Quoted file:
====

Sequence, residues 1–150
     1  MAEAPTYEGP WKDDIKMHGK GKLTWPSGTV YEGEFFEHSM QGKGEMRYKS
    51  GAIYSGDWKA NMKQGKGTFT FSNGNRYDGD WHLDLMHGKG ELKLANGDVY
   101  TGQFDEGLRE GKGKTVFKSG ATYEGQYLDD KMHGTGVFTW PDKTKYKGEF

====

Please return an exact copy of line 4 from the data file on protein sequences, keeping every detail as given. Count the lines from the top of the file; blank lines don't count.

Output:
   101  TGQFDEGLRE GKGKTVFKSG ATYEGQYLDD KMHGTGVFTW PDKTKYKGEF